that it can be intimidating to have your weaknesses highlighted
and to be given honest feedback about your current performance.
This anxiety is perfectly natural but
it’s important that you suck it up and make the
decision to train with people that are better than you,
no matter how difficult it may be. Otherwise, you’ll
stay at the same level and your running will likely not
improve. The result will be that your objectives are left
unaccomplished and you will feel like a failure.
The principle of training with
those better than you applies to all areas of life
Training with those better than you as a method of improvement
is something that applies to all areas of life. Here are
a few examples to illustrate the concept.
Imagine you’re learning a foreign
language. You’ve got the hang of the key concepts,
have nailed a good portion of the frequent vocabulary,
and are starting to get your head around the grammar.
You feel you’ve got potential to advance to the
next level and want to take lessons. Who would you go
to for this: a qualified language teacher or one of your
mates who’s just starting on the language learning
How about this example. You’re due
to give an important presentation at work in front of
a decent-sized audience with important stakeholders in
attendance. Your experience in giving presentations is
limited, and you want to make a good impression, so you
decide to work on your presentation skill. Who would you
ask for advice from, a seasoned public speaker or your
colleague who sits next to you in the office who you know
had once stumbled through a wedding speech?
What about if you’re looking to
hone your techniques on a musical instrument, say the
piano. Would you go to bill down the pub who knows how
to play happy birthday and chopsticks, or would you search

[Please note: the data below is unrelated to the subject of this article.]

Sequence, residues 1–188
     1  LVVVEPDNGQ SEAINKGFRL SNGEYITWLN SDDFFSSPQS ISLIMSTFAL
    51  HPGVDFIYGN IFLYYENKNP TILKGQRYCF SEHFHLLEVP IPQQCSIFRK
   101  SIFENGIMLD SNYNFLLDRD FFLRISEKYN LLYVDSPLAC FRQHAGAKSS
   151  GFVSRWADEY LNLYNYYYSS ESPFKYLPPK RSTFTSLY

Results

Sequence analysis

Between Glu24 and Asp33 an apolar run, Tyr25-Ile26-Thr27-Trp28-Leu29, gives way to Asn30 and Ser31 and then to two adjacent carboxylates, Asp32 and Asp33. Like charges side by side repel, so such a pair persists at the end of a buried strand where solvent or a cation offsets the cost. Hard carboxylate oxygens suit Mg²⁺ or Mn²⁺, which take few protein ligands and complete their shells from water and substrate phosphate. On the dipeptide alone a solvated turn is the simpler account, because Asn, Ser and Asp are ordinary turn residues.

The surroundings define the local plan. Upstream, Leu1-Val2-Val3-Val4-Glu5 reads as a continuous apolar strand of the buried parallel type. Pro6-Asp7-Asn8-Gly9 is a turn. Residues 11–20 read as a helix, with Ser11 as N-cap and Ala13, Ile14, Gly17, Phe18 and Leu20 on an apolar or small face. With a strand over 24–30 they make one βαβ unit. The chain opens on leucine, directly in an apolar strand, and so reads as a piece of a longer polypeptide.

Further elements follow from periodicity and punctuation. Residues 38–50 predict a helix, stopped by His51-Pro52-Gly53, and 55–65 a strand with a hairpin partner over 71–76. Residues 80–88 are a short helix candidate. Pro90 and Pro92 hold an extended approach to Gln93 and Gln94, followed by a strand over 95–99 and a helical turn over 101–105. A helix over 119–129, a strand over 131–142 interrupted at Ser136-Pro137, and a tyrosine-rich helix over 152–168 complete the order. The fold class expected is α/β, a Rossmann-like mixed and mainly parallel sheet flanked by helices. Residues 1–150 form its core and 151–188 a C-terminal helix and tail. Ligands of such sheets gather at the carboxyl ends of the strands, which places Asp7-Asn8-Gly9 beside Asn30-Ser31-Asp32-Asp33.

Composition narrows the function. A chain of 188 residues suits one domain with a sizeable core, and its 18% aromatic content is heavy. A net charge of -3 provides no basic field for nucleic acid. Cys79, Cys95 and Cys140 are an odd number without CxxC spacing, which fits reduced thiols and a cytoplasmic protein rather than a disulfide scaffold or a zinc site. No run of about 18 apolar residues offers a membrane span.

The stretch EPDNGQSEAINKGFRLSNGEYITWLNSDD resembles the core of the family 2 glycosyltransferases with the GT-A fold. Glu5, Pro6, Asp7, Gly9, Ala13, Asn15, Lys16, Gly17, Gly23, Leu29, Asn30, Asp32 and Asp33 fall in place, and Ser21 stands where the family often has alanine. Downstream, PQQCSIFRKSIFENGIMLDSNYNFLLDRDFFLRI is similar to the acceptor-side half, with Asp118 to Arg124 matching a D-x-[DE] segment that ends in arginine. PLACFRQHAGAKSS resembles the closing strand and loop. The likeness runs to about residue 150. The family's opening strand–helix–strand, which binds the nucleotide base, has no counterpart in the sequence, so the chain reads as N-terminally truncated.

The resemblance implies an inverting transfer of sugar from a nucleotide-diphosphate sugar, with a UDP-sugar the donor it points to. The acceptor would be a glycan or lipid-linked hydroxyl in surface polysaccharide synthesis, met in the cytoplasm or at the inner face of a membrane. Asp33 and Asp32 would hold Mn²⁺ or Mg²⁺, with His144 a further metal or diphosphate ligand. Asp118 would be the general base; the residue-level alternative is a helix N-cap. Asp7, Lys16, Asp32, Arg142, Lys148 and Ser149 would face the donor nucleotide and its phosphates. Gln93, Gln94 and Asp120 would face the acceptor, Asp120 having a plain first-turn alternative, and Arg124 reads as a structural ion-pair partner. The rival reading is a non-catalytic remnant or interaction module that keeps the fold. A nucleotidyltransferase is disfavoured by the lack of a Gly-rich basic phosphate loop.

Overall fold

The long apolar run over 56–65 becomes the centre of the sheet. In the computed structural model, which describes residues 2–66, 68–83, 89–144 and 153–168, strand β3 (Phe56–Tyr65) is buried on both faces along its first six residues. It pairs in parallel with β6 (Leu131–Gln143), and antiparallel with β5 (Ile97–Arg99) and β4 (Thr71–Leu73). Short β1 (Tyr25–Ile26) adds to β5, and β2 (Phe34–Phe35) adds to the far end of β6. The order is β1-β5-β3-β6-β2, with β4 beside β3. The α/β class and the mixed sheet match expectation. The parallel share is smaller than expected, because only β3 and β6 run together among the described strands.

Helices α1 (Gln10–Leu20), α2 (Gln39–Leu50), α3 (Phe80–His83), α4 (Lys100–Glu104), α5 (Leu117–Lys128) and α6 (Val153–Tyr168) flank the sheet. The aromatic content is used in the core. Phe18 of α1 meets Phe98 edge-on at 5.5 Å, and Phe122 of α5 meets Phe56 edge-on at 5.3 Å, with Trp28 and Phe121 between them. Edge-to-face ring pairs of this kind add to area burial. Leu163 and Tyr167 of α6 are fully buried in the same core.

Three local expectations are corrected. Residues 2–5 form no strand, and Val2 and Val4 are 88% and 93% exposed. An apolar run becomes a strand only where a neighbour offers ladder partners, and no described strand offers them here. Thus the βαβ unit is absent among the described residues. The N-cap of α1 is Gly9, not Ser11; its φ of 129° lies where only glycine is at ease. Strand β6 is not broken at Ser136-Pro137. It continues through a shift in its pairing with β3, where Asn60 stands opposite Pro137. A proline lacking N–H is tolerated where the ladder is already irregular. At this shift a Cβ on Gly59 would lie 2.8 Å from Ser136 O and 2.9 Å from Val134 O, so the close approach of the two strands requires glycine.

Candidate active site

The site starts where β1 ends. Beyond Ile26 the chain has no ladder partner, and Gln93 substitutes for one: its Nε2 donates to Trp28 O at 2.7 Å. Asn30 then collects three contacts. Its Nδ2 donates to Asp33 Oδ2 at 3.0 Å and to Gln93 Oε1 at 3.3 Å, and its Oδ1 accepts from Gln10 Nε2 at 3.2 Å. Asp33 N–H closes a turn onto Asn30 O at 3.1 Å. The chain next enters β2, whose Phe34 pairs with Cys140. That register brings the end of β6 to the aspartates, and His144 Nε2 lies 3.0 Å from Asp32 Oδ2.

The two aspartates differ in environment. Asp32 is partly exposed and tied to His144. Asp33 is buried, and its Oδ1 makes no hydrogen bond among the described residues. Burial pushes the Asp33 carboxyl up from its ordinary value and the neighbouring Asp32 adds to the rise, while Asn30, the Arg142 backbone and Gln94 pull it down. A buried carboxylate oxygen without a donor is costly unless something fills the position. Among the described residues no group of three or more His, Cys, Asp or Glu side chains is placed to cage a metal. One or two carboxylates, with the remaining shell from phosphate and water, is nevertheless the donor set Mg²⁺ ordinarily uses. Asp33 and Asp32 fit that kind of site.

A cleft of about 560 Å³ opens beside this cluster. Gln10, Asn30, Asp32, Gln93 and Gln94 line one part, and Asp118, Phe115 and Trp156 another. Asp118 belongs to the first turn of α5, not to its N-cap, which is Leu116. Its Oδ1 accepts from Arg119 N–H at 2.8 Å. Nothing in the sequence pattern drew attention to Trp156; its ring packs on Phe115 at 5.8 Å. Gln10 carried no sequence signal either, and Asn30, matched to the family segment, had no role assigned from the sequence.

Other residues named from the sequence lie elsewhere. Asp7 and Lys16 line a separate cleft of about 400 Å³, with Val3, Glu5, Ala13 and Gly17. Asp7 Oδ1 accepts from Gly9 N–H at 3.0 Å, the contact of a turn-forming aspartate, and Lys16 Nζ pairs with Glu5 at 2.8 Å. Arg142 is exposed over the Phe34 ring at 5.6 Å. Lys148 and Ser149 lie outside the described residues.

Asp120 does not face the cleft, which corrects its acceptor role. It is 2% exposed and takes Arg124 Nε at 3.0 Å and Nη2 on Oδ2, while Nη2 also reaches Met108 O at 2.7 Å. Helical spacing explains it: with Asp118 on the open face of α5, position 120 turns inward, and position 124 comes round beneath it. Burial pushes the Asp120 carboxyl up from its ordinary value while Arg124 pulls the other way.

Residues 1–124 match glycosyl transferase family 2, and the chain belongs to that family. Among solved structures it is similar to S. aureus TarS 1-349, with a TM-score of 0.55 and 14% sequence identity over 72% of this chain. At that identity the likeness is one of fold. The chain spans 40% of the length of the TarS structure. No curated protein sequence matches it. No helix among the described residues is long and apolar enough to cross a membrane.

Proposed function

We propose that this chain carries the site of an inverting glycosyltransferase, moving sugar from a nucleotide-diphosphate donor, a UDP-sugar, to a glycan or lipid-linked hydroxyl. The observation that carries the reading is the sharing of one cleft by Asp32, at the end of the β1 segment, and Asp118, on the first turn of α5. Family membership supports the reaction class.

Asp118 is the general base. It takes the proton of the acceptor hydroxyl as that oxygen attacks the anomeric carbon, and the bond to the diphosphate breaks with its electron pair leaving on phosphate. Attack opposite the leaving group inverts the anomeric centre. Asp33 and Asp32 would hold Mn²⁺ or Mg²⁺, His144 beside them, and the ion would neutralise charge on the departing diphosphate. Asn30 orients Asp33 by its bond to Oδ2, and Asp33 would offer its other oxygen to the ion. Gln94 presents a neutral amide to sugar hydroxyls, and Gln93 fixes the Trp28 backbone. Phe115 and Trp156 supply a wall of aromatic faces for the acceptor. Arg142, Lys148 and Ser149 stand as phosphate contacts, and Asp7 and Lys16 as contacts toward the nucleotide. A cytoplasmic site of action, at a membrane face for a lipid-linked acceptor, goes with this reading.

for professional piano tutors near you?
The answers to all of the above scenarios
are obvious. To improve our abilities, we are much better
off seeking the advice, guidance and coaching of those
who are better than us.
These are people that have spent days,
weeks and months of their time honing their craft and
gaining valuable knowledge that you can learn from to
hopefully cut the learning curve in bettering your own
The same applies to running. If you want
to achieve a running goal and become a better runner,
you must train with those who are better than you and
cut out training with those worse than you. It’s
Where can you find runners that
are better than you?
If you don’t have running friends that are above
your level, there are plenty of opportunities to find
Joining a running club if a great way
to find great local runners. These are friendly groups
that meet regularly in your local area with the common
purpose of sharing a love of running and improving. Often,
running clubs will also have trained coaches that can
help push you to the next level.
I’d also recommend regularly participating
in local running events. Joining
and participating in official racing events, like half-marathons,
marathons and 10Ks, is a great way to get exposure to
competitive running whilst having an objective measure
of performance for your distance. I tend to do one race
a month (usually a half-marathon) and book them three
months in advance, so I know I have a programme of races
ahead which motivates me to keep training hard.